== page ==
Summary. You have up to 2,000 characters to tell your story, so why only include a few sentences? There are characters limited to all of LinkedIn fields, including all of those described above. Here’s a webpage with those limits; I think this is very useful. There’s even a secondary page link from the character count page in which you can figure out how many characters you have.
So, take your time and figure out what you want to say. Make it more than just a bio; try making it conversational in first person. Instead of saying, “Joe provides tax and accounting services to a diverse client base,” say something like, “I help clients in the manufacturing, healthcare and nonprofit industries grow their companies through custom tax and accounting services.” Expand on these ideas and use all of your 2,000 characters!
Confession time … as of this writing, I haven’t done this to my own LinkedIn page, so forgive me! I will get to it soon.
Add a Link and Upload a File. These two additional fields in the Summary block are useful, and you’re probably not using them. If you have a video on your website, either produced by you or something from one of your software providers, add a link to it.
Experience. Here, you’ll want to add your current position, as well as any previous positions, but this comes with a few caveats:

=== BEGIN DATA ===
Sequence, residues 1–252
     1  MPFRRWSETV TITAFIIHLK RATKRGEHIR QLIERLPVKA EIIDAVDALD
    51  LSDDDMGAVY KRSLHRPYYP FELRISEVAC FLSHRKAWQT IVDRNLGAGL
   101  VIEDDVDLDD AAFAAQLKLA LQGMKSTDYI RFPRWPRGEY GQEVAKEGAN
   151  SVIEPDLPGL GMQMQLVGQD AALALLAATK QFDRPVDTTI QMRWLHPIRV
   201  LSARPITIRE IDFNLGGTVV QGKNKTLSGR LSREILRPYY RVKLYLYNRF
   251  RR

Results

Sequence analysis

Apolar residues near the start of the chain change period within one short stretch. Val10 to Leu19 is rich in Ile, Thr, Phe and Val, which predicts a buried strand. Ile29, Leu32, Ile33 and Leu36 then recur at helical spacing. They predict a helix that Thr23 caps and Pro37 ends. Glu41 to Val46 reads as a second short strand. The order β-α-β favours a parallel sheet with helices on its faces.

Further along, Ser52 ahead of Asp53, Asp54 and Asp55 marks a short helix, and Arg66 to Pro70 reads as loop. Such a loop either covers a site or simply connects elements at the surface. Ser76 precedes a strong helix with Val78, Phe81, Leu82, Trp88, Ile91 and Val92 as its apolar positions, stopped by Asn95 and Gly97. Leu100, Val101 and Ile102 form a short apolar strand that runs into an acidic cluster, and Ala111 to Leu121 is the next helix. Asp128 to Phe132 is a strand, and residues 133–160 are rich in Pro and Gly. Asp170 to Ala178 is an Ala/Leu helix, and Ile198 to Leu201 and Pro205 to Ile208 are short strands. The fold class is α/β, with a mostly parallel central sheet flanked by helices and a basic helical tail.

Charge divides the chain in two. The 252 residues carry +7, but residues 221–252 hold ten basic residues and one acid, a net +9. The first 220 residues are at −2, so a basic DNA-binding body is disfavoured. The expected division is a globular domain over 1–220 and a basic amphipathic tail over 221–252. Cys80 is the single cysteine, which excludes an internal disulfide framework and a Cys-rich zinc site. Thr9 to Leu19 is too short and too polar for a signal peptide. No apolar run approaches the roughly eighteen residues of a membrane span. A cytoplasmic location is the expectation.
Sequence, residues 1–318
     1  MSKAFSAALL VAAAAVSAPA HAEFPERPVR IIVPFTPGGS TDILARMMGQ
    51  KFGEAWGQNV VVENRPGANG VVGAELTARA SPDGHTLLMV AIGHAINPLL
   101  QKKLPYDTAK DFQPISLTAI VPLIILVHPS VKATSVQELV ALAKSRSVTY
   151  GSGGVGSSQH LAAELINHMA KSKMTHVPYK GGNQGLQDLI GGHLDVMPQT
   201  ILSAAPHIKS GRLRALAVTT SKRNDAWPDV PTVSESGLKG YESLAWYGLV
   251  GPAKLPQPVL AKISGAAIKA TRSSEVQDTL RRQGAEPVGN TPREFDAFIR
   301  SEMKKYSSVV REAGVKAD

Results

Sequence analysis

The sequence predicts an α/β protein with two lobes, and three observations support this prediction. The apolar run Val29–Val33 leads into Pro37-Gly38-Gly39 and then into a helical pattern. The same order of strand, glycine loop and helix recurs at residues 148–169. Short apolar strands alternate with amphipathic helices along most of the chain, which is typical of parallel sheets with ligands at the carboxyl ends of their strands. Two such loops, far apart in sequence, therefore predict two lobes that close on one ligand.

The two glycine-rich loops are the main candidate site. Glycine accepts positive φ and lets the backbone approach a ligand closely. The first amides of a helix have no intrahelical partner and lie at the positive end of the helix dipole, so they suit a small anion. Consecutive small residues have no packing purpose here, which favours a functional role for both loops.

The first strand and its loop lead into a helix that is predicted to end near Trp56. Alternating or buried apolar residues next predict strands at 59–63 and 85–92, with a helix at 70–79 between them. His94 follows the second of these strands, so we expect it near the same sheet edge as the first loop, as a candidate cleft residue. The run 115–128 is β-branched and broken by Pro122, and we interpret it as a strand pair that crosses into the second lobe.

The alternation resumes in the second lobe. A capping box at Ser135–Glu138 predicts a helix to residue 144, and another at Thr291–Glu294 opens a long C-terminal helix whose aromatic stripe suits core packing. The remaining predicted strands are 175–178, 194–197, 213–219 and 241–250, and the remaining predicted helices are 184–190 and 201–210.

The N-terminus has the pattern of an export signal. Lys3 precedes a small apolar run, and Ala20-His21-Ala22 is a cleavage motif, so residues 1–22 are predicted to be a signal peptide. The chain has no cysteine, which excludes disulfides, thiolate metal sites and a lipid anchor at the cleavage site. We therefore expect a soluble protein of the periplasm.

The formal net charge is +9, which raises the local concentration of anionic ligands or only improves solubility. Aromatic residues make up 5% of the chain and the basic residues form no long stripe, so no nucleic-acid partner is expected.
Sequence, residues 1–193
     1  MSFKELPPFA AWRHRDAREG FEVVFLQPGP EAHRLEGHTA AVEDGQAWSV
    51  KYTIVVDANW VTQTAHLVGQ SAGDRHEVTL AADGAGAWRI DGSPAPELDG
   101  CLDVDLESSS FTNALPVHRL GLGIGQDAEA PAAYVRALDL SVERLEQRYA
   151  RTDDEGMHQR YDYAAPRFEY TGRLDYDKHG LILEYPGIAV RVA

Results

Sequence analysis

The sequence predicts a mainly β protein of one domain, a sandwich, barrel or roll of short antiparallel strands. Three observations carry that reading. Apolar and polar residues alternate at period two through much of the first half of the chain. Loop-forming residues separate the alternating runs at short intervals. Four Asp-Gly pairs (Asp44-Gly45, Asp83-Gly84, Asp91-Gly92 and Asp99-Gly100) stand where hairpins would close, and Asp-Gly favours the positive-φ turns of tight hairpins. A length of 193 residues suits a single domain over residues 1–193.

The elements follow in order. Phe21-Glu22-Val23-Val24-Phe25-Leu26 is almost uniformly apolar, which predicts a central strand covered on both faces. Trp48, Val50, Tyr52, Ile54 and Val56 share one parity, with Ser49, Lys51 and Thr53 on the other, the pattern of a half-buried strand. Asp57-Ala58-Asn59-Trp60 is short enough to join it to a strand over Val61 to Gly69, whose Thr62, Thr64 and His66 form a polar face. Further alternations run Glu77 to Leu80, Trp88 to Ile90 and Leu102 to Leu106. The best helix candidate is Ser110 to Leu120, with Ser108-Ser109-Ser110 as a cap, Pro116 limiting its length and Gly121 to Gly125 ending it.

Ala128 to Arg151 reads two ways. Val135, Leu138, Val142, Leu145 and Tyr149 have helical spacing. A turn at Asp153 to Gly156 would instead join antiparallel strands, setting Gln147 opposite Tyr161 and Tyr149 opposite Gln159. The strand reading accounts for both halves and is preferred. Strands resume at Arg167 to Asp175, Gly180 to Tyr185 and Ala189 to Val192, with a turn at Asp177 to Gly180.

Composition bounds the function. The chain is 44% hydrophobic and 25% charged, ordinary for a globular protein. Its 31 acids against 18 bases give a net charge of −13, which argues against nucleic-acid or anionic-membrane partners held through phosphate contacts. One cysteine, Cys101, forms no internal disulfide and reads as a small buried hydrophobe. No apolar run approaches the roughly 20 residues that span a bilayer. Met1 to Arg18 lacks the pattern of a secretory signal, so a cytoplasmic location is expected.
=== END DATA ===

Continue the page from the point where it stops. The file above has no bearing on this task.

- Every time you add a new position, LinkedIn automatically sends an update to your network in a weekly newsletter that lists any connections that have new positions. In my case, for example, I added on a consulting position I’ve had for several years – and in just a few minutes, colleagues were congratulating me on getting a new job. I am doing my best to explain that I still have my practice, but it’s hard to send out word to everyone. LinkedIn has a box on the right side of the page called “Notify Your Network.” I wish I had known about this at the time, so my tip here is to uncheck this box if you don’t want to send updates to your connections. If you forget, the good news is that you gained quite a bit of exposure along the way.
- The positions you list under Experience are the ones that show up in the drop-down list when you invite someone to connect with you, so keep this point in mind when you’re listing your experience.
Other Things to Know About. Here are few other areas you can complete with additional information:
- Publications – anything you’ve written or published.
- Educations – complete this, of course.
- Interests, Personal Details, Organizations – all good to have, but again, be careful about including too much personal information.
- Posts – you’ll see this at the top of the page. If you have a blog and/or write articles, you can upload them here.
- Status Update – just like Facebook, this will allow you can post something short about what you’re doing or what you’re working on.
What Do You Think?
One of the plusses about social media is that it can be customized however you like, so I would be interested to know how you’re using LinkedIn and how it’s benefitted your practice or business. If you’ll comment below and provide a tip, I will correspond with you offline and send you something special for your time.